You Ain't Seen Nothing Yet


You Ain't Seen Nothing Yet

"You Ain't Seen Nothing Yet" is a rock song written by Randy Bachman and performed by Bachman-Turner Overdrive (BTO) on the album "Not Fragile". It was released as a single in 1974 with an instrumental track "Free Wheelin'" as the B-side. The single won the Juno Award for best-selling single of 1976.

Theme

The lyrics for the song tell of the singer meeting a "devil woman" and her giving him love. The chorus of the song includes the song's famous stutter and speaks of her looking at him with big brown eyes and [saying] 'You ain't seen nothin yet. B-, b-, b-, baby, you just ain't seen na-, na-, nothin yet. Here's somethin' that you're never gonna forget. B-, b-, b-, baby, you just ain't seen na-, na-, nothin yet.'

The song lyrics don't follow a logical path or make much sense. But since the band changed their style of music, it did not really matter. The guitar riff heard throughout the song's chorus is identical to the riff from Baba O'Riley by the Who.

Development

"You Ain't Seen Nothing Yet" was written by Randy Bachman. In "The Rolling Stone Record Guide," writer Dave Marsh called the song "a direct steal from The Who," but "an imaginative one." [BTO band bio accompanying the album review of "Rock n' Roll Nights," at overdoseoffingalcocoa.blogspot.com] The chords of the chorus riff are the same ones used by The Who in their song "Baba O'Riley," and also, the stuttering vocal is indeed reminiscent of "My Generation." Randy insists that the song was performed as a joke for his brother, Gary, with no intention of sounding like "My Generation." Gary had a stutter, and Randy only intended to record it once with the stutter and send the only recording to Gary.

Randy developed the song while recording BTO's third album, "Not Fragile". It began as an instrumental piece inspired by the rhythm guitar of Dave Mason. Randy says "it was basically just an instrumental and I was fooling around... I wrote the lyrics, out of the blue, and stuttered them through." The band typically used the song as a "work track" in the studio to get the amplifiers and microphones set properly. [Interview track on the album "King Biscuit: Bachman-Turner Overdrive" (King Biscuit Flower Hour Records, 1998)]

But when winding up production for their second album, Charlie Fach of Mercury Records said the eight tracks they had lacked the "magic" that would make a hit single. Randy mentioned that he had this ninth song, but didn't intend to have it played. He said, "We have this one song, but it's a joke. I'm laughing at the end. I sang it on the first take. It's sharp, it's flat, I'm stuttering to do this thing for my brother."Fred Bronson, "The Billboard Book of Number One Hits", Billboard, 1988 via [http://www.superseventies.com/sw_youaintseennothinyet.html "You Ain't Seen Nothing Yet"] from SuperSeventies.com]

Fach asked to hear it, and they played the recording for him. Fach smiled and said "That's the track. It's got a brightness to it. It kind of floats a foot higher than the other songs when you listen to it."

Bachman agreed to include the song, but only if he could re-record the vocals first, without the stutter. Fach agreed, but Bachman says "I tried to sing it, but I sounded like Frank Sinatra. It didn't fit." Fach said to leave it as it was, with the stutter.

Gary Bachman has since lost his stutter.

Market performance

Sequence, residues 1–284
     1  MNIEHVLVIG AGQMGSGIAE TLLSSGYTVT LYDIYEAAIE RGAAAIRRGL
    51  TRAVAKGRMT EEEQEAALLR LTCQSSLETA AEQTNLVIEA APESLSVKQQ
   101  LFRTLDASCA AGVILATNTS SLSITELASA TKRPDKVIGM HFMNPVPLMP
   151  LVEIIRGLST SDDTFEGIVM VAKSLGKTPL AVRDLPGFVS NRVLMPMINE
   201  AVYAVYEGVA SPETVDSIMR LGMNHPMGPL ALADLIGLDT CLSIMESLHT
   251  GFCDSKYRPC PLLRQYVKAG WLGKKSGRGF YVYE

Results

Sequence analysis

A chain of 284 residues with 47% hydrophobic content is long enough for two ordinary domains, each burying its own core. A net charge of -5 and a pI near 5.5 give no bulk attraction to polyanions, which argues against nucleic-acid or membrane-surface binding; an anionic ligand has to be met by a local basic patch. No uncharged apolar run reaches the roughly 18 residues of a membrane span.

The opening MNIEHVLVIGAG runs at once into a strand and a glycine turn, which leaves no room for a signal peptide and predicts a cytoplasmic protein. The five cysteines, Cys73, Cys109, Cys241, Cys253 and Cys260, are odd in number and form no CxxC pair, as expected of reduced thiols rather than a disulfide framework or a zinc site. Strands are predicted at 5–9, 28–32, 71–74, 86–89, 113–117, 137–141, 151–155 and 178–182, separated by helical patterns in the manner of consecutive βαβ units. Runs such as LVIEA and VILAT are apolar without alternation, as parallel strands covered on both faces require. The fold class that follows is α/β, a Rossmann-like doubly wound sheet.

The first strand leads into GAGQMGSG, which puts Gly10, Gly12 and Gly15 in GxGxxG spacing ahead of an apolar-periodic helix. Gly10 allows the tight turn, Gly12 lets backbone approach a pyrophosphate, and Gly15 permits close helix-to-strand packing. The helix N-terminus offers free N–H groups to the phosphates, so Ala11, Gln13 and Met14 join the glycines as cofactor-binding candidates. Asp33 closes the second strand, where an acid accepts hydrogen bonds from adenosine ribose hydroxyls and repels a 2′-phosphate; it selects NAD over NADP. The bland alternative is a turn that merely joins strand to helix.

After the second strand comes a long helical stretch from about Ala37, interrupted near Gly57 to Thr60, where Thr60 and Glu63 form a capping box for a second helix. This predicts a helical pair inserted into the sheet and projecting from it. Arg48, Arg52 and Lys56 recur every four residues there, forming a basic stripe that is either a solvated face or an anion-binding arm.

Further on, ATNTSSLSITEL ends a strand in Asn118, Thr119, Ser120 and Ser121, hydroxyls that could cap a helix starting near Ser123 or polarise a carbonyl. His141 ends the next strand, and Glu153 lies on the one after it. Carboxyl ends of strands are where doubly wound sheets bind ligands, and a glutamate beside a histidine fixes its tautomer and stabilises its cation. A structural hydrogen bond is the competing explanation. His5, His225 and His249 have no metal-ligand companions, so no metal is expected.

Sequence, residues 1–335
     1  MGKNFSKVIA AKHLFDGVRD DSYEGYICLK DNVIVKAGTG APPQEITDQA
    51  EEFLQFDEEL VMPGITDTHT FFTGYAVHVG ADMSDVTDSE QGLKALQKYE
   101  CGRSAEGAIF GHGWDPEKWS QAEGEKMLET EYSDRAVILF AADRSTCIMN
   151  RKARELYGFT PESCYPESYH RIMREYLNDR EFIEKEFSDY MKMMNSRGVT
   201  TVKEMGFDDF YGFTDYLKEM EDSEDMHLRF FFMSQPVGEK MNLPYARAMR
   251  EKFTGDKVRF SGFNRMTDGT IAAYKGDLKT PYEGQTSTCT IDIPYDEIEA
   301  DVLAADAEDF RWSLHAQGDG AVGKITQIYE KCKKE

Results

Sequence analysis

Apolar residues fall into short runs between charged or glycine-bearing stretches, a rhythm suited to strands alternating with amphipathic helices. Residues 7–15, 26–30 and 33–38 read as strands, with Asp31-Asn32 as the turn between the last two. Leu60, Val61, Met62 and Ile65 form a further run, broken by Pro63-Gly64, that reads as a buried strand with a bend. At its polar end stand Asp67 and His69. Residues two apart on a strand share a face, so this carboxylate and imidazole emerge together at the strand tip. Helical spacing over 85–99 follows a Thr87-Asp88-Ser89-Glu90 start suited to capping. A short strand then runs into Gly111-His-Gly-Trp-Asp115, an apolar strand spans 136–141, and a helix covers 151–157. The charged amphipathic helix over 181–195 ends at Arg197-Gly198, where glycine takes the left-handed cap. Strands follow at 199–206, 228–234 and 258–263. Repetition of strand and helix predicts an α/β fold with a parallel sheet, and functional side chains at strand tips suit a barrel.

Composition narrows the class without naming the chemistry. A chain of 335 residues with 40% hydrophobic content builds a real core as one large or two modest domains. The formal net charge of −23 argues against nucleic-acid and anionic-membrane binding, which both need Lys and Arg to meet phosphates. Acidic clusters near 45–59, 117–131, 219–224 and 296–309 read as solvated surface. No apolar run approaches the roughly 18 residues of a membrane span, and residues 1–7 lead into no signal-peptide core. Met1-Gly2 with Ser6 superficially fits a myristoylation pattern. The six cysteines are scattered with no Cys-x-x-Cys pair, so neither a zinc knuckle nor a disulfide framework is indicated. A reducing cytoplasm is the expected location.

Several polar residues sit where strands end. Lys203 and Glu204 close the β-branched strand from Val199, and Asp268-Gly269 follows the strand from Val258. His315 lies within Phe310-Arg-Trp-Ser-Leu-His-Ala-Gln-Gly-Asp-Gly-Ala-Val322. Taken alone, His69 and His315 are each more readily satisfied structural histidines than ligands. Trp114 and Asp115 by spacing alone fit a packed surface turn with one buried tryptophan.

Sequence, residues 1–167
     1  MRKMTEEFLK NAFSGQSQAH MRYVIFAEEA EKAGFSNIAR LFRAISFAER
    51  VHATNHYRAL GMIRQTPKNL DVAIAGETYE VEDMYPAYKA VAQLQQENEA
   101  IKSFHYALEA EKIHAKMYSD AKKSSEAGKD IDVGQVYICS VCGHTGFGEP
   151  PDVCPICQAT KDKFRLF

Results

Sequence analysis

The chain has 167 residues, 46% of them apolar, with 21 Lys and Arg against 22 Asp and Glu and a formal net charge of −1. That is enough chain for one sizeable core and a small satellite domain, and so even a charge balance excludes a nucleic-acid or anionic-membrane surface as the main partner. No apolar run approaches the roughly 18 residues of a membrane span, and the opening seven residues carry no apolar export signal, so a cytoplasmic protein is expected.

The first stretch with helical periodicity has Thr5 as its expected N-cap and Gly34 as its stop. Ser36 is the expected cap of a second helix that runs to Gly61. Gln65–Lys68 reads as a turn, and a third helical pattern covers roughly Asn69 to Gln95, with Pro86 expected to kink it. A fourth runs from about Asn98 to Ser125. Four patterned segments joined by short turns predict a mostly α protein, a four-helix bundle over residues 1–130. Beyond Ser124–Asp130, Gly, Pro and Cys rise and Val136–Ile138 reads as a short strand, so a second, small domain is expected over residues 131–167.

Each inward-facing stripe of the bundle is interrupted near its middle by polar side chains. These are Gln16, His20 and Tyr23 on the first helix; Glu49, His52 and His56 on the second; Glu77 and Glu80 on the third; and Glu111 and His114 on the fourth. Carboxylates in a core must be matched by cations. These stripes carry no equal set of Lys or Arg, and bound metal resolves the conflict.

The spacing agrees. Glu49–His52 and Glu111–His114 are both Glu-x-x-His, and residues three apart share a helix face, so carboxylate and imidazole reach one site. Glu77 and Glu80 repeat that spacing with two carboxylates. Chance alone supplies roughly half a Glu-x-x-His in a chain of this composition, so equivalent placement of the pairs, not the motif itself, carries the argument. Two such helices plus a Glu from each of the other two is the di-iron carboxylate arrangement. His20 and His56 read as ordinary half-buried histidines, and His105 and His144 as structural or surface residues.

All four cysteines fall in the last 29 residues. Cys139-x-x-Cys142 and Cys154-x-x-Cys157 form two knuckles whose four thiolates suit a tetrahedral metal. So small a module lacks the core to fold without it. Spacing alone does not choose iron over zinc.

"You Ain't Seen Nothing Yet" was an immediate hit. As an album cut, radio stations all over the USA were giving it a great deal of airplay. So much so, Bachman was embarrassed because he thought it was a stupid song, just something that he wrote as a joke.

Fach would call him with airplay reports, asking for permission to release it as a single. Bachman says, "And I refused for three weeks... I was producer, so I had final say on what went out. I woke up one day and asked myself, 'Why am I stopping this? Some of my favorite records are really dumb things like 'Louie, Louie'... so I said to Charlie, 'O.K., release it. I bet it does nothing.'"

"You Ain't Seen Nothing Yet" debuted at #65 on September 21 1974 and shot to the top of the Hot 100 seven weeks later. "You Ain't Seen Nothing Yet" was the only chart topper for BTO. Though they had other hits, none reached number one as this song did. However, Bachman had had another number one hit when with The Guess Who ("American Woman" in 1970).

On the UK version of the single, the label credits the band as "Bachmann" Turner Overdrive". It was kept off the top in the UK charts by "Lonely This Christmas" by Mud.

Uses in other media

A techno remix of the song was used as the theme song for ITV Sport's Formula One coverage from 2003 to 2005. The remix is by German group, The Disco Boys, titled "B-B-B-Baby."

The song was always played at the end of the "Smashie and Nicey" sketch on the British sketch show, "Harry Enfield's Television Programme".

The song was played in episode of "Ballykissangel", a British television show playing on PBS, Saturday nights at 10:00.

The song was, together with U2's "Beautiful Day", used as a theme song by the US Democratic Party following the US 2006 midterm elections.

The song was featured on a number of occasions on the Australian Soap opera "Neighbours" between 2002 and 2006.

It was also played on the third season premiere of Supernatural.

Bachman appears in the promo video for Bus Stop's 1998 remake of the song.

During a trip to the US, Margaret Thatcher quoted the song when talking to an audience with Ronald Reagan. Telling the audience that "You ain't seen nothing yet".

In 2008, a cover version is featured in a TV commercial for 3M's ScotchBrite. Also in 2008, BTO's version was used in a commercial for Toyota.

References


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